The mandate was challenged in U.S. District Court, but was upheld. Judge Lynn Hughes ruled that unless workers meet legal health or religious exemptions, those who refuse vaccination “will simply need to work somewhere else.”
The Texas-based hospital system set a June 7 deadline for all employees to get a COVID-19 vaccine and nearly 100% complied with the mandate, Becker's Hospital Review reported.
Last week, the Connecticut Hospital Association announced all employees of the state's 27 acute-care hospitals and other health care organizations — from nursing homes to rehabilitation centers and clinics — will require workers to get COVID-19 vaccines.
At Henry Ford, so far 68% of employees — about 23,000 workers — have already been vaccinated for COVID-19.
“We have consistently advocated for vaccination as the best path forward for all of us,” Riney said in a statement. “But for vaccinations to truly make a deep and lasting impact on this pandemic, we need everyone in this fight. There is no greater compassion we can show each other than to be vigilant about safety and preventing the spread of this devastating disease.”
In a letter obtained by the Free Press that was sent to employees, Lassiter wrote: "We know that some of you have chosen to decline or delay being vaccinated. ... We are not the first organization to do this, and we will not be the last. But we are confident that the decision is right for us, right now."
The Free Press contacted Beaumont Health, Sparrow, Spectrum Health, Ascension Michigan, McLaren Health Care, Michigan Medicine, the St. Joseph Mercy Health System and the Detroit Medical Center to ask whether they, too, would enforce similar mandates.
McLaren said it is "carefully studying the need to make the COVID-19 vaccine mandatory for all its employees." To date, about 65% of its workforce is partially or completely vaccinated.
At the DMC, nearly 70% of employees have gotten coronavirus vaccines, said spokesperson Jason Barczy. The health system is not requiring immunization of its employees.
Neither Michigan Medicine nor Beaumont are mandating coronavirus vaccines for employees at this time.
Three coronavirus vaccines have been granted emergency use authorization by the U.S. Food and Drug Administration — Pfizer, Moderna and Johnson & Johnson. Only Pfizer's can be used in adolescents 12 and older. Moderna's and J&J's have been granted emergency authorization only for use in adults 18 and older.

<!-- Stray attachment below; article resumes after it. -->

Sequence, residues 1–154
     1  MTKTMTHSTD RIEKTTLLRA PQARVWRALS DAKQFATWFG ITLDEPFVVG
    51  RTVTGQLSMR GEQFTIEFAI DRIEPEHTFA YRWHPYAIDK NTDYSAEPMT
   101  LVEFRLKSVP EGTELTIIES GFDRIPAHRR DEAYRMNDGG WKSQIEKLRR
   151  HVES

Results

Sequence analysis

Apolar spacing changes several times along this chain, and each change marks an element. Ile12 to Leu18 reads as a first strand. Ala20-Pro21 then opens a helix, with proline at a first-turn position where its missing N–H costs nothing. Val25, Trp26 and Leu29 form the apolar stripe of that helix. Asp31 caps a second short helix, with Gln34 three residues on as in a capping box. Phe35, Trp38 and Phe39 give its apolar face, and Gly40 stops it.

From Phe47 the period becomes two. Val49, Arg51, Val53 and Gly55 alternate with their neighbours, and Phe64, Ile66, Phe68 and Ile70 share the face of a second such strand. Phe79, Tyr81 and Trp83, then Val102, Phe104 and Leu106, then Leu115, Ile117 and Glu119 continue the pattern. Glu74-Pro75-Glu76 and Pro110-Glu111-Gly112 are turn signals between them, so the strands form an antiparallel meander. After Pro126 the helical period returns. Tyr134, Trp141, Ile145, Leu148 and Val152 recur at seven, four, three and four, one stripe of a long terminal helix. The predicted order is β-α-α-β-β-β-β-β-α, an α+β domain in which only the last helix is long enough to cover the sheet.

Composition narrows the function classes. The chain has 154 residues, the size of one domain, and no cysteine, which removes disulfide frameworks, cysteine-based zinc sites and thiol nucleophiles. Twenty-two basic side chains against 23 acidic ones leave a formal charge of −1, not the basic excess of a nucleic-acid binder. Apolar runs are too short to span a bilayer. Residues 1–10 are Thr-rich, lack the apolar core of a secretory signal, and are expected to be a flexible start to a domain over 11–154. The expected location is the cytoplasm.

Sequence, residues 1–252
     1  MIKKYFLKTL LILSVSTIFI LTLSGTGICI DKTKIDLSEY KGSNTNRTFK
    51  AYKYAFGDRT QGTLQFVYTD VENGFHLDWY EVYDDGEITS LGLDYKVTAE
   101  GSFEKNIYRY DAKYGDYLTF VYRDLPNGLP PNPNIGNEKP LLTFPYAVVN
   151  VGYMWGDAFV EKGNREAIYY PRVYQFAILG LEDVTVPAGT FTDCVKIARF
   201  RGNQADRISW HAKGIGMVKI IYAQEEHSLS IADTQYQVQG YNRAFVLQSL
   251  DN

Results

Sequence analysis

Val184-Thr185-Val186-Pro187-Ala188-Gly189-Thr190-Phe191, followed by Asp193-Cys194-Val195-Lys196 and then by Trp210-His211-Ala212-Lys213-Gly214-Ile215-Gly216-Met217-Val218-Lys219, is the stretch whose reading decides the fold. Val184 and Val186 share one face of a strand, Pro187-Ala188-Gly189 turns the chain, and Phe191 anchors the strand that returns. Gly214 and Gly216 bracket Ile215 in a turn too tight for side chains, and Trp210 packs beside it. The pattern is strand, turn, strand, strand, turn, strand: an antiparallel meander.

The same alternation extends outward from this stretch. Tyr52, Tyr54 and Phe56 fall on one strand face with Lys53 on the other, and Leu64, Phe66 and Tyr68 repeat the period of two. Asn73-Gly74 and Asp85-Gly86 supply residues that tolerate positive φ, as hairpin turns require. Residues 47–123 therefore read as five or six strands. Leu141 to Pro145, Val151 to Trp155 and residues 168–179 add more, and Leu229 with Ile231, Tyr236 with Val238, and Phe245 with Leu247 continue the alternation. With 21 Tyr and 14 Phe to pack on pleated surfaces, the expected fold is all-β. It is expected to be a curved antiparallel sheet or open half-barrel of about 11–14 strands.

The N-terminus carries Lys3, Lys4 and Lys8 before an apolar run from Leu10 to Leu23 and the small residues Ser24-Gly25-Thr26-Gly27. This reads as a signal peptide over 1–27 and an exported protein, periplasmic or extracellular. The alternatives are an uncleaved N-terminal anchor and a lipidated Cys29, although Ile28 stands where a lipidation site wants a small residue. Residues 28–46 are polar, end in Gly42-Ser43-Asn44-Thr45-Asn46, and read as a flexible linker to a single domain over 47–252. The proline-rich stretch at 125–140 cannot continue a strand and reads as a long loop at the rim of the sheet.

None of the vaccines have gotten full approval from the FDA, though both Pfizer and Moderna have submitted applications seeking that approval.
All three vaccines are considered safe and effective in preventing hospitalization and death from COVID-19, however there have been some concerns.
A U.S. Centers for Disease Control and Prevention advisory committee met last week to review reports of heart complications among teens and young adults after they were immunized with either a Pfizer or Moderna COVID-19 vaccine.
The CDC’s Advisory Committee on Immunization Practices acknowledged there likely is an association with myocarditis and pericarditis among 12- to 39-year-olds following vaccination. Cases have been reported at a rate of 12.6 per million people within 21 days after a second dose of the vaccine, though some cases have also been reported after the first dose as well.
The complication is more likely to occur in boys and young men, and the condition is most likely to appear within the first five days after vaccination. Most who developed the heart complication post-vaccination have made full recoveries.
In addition, the J&J vaccine has been associated with blood clots combined with low levels of blood platelets, known as thrombosis-thrombocytopenia syndrome.
However the benefits of all three of the vaccines in stopping hospitalizations and deaths from COVID-19 were found to outweigh the risk of blood clots or heart complications.
Cunningham said the science proves the vaccines are safe.
"We also know that the hospitalization and death from COVID is preventable by vaccination,” he said. “These days, most people being hospitalized or dying from COVID are the unvaccinated. This is tragic and completely preventable."
Since the pandemic began, more than 894,000 Michiganders have had confirmed cases of the virus and more than 19,700 have died, state data show.
Contact Kristen Shamus: email@example.com. Follow her on Twitter @kristenshamus.